Nelson v. Kralick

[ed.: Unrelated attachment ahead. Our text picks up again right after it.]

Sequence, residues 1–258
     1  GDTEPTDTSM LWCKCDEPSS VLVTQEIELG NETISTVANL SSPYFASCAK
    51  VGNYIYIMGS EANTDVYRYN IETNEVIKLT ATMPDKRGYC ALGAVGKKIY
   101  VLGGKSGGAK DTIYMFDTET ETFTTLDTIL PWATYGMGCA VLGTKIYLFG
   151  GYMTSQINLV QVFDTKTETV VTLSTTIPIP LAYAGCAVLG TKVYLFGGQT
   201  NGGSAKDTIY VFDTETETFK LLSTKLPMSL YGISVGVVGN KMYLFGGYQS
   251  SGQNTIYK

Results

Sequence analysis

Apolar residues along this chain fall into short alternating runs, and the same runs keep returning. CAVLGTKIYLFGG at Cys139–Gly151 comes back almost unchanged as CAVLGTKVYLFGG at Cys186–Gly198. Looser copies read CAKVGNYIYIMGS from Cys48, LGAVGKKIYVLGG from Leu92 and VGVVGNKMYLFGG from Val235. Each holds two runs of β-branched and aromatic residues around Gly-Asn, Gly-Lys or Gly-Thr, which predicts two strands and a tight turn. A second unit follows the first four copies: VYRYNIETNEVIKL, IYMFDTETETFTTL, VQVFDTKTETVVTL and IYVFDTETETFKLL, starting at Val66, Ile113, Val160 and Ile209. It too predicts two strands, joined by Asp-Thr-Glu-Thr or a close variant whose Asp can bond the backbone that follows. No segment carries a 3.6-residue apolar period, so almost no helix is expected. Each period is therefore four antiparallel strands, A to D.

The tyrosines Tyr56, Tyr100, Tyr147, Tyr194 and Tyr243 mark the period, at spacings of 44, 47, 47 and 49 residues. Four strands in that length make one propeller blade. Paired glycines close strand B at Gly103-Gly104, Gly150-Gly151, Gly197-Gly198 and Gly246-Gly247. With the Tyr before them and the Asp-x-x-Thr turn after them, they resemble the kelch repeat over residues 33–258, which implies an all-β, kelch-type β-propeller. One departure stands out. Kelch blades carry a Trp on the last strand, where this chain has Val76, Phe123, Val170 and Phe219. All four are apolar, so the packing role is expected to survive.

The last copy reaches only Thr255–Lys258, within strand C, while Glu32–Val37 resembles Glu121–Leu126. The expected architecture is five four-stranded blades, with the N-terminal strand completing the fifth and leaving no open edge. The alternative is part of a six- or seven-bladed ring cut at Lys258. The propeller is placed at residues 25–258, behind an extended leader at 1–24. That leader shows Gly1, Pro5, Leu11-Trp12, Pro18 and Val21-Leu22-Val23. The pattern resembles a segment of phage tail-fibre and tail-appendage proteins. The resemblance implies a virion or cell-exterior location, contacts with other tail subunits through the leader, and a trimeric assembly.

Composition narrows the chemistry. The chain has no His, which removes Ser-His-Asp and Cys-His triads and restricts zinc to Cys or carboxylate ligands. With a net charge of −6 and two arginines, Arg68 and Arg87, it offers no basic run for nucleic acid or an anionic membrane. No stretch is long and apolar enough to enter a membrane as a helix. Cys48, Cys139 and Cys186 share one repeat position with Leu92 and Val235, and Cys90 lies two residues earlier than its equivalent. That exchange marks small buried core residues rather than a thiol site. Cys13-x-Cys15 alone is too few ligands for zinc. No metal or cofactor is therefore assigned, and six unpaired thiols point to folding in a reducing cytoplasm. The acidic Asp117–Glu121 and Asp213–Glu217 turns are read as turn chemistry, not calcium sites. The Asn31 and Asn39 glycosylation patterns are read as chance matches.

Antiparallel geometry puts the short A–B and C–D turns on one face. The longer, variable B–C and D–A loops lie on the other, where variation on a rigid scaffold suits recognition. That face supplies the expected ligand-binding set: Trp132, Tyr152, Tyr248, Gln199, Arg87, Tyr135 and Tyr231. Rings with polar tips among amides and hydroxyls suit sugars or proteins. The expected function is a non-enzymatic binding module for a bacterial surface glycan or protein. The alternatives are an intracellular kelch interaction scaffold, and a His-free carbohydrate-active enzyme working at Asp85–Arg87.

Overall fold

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May 19 2015 DA 14-0421 Case Number: DA 14-0421 IN THE SUPREME COURT OF THE STATE OF MONTANA 2015 MT 137N JEANNIE NELSON, Plaintiff and Appellee, v. JENNIFER KRALICK and KARLA KRALICK, Defendants and Appellants. APPEAL FROM: District Court of the Fourth Judicial District, In and For the County of Missoula, Cause No. DV 13-1064 Honorable Edward P. McLean, Presiding Judge COUNSEL OF RECORD: For Appellant: Jennifer Kralick, Self-Represented, Lolo, Montana For Appellee: Ted Hess-Homeier, Attorney at Law, Missoula, Montana Submitted on Briefs: April 29, 2015 Decided: May 19, 2015 Filed: __________________________________________ Clerk Justice Patricia Cotter delivered the Opinion of the Court. ¶1 Pursuant to Section I, Paragraph 3(c), Montana Supreme Court Internal Operating Rules, this case is decided by unpublished opinion and shall not be cited and does not serve as precedent. Its case title, cause number, and disposition shall be included in this Court’s quarterly list of noncitable cases published in the Pacific Reporter and Montana Reports. ¶2 Jennifer Kralick and her mother, Karla Kralick, appearing pro se, appeal the order of the Fourth Judicial District Court, Missoula County, authorizing the auction sale of their mobile home. We affirm. FACTUAL AND PROCEDURAL BACKGROUND ¶3 Beginning in December 2008, Kralicks rented a mobile home space in the Lolo, Montana, Hollyhock Court Mobile Home Park owned by the Nelson Family Trust, of which Jeanie Nelson was the executor. Nelson and the Kralicks entered into an oral agreement under which the Kralicks would rent the space from month-to-month. In January 2013, Nelson gave notice to the Kralicks to vacate the premises by March 30, 2013, on the grounds that they were “breaching the peace.” Nelson cited numerous police visits and complaints from neighbors about noise, traffic, and unknown persons and vehicles at the Kralicks’ residence for extended periods of time. Kralicks did not vacate the premises and on April 2, 2013, Nelson sued for possession in the Missoula County justice court. ¶4 By order of justice court, the parties, with counsel, attended mediation. They reached a settlement agreement that was signed by both parties and counsel. Under the agreement, the Kralicks agreed to move their modular home and vacate the mobile home park on or before August 29, 2013. Nelson agreed to pay Kralicks’ moving costs provided Kralicks 2 used one of the agreed-upon movers. In the meantime, Kralicks were allowed to remain in the mobile home park without paying rent. ¶5 Kralicks did not move their modular home by August 29. On August 30, 2013, Nelson moved the justice court for permission to take possession of the Kralicks’ trailer home. The justice court granted the motion and issued a Writ of Assistance. Kralicks then moved to set aside the settlement agreement for various reasons. The justice court subsequently quashed the order granting Nelson possession and set an emergency hearing for September 6, 2013. On September 6, 2013, Nelson moved to have the Writ of Assistance reissued. Justice court granted the motion. On September 13, 2013, the Kralicks filed an appeal to the Fourth Judicial District Court from the justice court’s September 6 Writ of Assistance. Consequently, justice court issued an order staying the Writ pending appeal. ¶6 A non-jury trial was conducted by the Fourth Judicial District Court on February 27, 2014. At trial, Nelson sought enforcement of the settlement agreement while the Kralicks sought rescission based upon mutual mistake. Following the testimony of multiple witnesses, the District Court concluded that the settlement agreement was enforceable. The court instructed Kralicks to move their mobile home by June 15, 2014, or the court would authorize its sale at auction. The court issued its written order on March 7, 2014. On June 20, 2014, having been informed that the Kralicks had not moved their mobile home, the District Court issued an order authorizing sale of the home by auction. On July 2, 2014, Kralicks filed their Notice of Appeal seeking review of the District Court’s June 20, 2014 order. 3 ¶7 Kralicks’ appeal fails on the ground that they seek review of issues that are outside the scope of the District Court’s orders. The June 2014 order is an order merely enforcing the March 7 order; it contains no analysis. Moreover, Kralicks’ brief on appeal presents multiple allegations concerning provisions of the lease. These issues are well outside the scope of the District Court’s March 7 order enforcing the parties’ settlement agreement and are raised for the first time on appeal. It is well established that appellants may not raise legal issues, arguments, or theories for the first time on appeal. Unified Indus., Inc. v. Easley, 1998 MT 145, ¶ 15, 289 Mont. 255, 961 P.2d 100. ¶8 We have determined to decide this case pursuant to Section I, Paragraph 3(c) of our Internal Operating Rules, which provides for noncitable unpublished opinions. In the opinion of this Court, the case presents a question controlled by settled law or by the clear application of applicable standards of review. ¶9 We affirm. /S/ PATRICIA COTTER We Concur: /S/ JAMES JEREMIAH SHEA /S/ MICHAEL E WHEAT /S/ LAURIE McKINNON /S/ JIM RICE 4